The economy has been boosted by a consumer driven momentum but it now seems households are having to deal with a pressure on living standards which haven’t been seen since the economic crisis of the mid-70’s.
The issue is a number of variables operating together – stagnant wage growth, increasing prices and a drop in the savings ratio.
Incomes adjusted for the effects of inflation have now fallen for three successive quarters – this is the first time this has happened since the IMF (International Monetary Fund) had to bail out Britain in 1976.
We have also had figures which showed an unexpected increase in consumer credit, another £1.7B borrowed in May on credit cards, car finance and personal loans.
At the same time the amount being put to one side for savings has now fallen to just 1.7% of disposable income. This is the lowest level on record. Only a year ago it was more than 3 times this rate.
Overall consumers pulled back on spending which affected economic growth of only 0.2%, the lowest of the major G7 nations.
The Bank of England have expressed concern over the rising levels of debt.
There is an argument that the savings ratio has fallen again due to the timing of higher tax payments but the underlying trend is undoubtedly downwards, so the overall position is being watched closely by commentators.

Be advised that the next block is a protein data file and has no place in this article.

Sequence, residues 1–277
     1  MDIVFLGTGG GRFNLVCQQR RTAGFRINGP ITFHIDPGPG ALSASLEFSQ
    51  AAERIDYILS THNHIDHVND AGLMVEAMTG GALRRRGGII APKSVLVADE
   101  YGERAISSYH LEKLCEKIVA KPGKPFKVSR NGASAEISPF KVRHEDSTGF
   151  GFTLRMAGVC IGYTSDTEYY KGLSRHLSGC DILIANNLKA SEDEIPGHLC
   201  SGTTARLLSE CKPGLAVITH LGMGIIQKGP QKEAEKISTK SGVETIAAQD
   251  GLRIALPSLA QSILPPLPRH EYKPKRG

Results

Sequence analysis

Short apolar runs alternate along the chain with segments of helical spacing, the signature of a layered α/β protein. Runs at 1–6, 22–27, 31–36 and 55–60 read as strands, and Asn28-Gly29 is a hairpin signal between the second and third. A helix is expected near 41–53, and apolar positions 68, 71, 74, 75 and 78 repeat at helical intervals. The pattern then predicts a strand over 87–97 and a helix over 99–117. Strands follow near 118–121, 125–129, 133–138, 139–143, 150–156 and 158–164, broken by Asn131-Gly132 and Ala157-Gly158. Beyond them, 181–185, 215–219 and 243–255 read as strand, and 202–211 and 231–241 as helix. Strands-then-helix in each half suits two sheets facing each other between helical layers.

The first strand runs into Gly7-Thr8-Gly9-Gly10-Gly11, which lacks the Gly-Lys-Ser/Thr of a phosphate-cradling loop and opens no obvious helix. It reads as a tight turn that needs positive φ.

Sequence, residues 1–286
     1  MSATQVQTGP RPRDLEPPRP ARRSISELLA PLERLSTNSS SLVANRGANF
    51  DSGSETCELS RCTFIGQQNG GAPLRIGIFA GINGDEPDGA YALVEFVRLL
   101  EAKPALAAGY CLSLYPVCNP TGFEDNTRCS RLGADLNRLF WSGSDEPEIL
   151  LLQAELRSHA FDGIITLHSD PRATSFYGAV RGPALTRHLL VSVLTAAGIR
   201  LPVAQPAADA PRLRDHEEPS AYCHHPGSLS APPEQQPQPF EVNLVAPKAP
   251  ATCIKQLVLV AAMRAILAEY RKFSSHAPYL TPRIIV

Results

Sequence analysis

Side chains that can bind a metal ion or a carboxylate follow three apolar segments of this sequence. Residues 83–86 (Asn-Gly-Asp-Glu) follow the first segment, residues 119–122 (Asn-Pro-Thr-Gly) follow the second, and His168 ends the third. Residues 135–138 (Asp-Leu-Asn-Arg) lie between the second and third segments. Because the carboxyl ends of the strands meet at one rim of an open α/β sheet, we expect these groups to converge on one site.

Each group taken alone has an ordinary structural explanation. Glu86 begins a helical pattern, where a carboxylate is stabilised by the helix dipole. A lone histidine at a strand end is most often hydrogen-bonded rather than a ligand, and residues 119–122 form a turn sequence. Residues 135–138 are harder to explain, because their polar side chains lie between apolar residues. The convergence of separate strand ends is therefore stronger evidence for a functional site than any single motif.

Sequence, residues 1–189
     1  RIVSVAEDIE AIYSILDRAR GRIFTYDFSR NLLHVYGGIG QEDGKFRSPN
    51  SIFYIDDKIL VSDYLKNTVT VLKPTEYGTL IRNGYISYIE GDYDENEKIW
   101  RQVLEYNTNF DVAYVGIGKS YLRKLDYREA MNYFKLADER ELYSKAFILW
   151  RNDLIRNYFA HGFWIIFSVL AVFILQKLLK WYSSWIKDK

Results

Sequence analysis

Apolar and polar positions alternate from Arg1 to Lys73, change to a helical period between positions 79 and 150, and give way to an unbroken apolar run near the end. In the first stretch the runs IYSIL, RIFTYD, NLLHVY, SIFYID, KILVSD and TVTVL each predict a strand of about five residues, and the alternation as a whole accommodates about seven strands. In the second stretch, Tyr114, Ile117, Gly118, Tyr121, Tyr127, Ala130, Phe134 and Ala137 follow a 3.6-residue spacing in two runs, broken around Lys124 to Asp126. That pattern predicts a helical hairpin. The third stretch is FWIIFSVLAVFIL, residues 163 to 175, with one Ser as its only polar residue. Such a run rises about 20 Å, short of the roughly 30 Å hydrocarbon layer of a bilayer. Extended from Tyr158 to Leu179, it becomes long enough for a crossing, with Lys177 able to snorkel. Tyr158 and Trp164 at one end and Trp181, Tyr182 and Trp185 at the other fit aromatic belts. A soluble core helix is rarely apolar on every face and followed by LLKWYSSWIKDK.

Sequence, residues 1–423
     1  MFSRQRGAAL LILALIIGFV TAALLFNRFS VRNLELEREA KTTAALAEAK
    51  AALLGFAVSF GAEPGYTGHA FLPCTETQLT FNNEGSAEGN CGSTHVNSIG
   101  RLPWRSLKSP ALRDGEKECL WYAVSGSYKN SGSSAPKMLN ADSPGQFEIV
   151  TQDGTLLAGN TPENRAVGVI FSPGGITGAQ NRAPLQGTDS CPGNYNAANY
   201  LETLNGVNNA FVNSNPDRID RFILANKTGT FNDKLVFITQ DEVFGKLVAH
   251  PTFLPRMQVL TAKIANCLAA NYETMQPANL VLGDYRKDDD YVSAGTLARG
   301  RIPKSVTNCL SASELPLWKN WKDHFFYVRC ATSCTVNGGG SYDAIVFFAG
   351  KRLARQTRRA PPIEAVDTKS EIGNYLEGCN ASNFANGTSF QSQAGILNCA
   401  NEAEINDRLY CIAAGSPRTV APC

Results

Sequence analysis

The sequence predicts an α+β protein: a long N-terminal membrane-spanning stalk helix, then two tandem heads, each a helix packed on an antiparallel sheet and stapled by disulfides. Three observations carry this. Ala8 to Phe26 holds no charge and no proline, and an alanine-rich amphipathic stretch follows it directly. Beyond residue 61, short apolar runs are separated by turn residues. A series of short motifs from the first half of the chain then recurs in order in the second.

The figures are somewhat at odds with the latest views from some of the Bank of England committee members, who are skewing towards an increase in interest rates. Although this came as a surprise to markets and they have no doubt had to reassess their assumptions on future rates, in doing so many commentators believe that the BOE have sent the wrong signal at time when it is especially important to take a cautious approach on the consumer slowdown.
Indeed some are calling for more stimulus toward the end of 2017 and into 2018 with a further rate cut to 0.1%.
Markets have somewhat taken the above data in their stride but it is no doubt a very critical period ahead and the style of Brexit could have a large impact.
Personal investment portfolios can be impacted by so many factors, included those highlighted above, so we would reiterate that a fluid, flexible portfolio which can also identify global opportunities at this time may be prudent.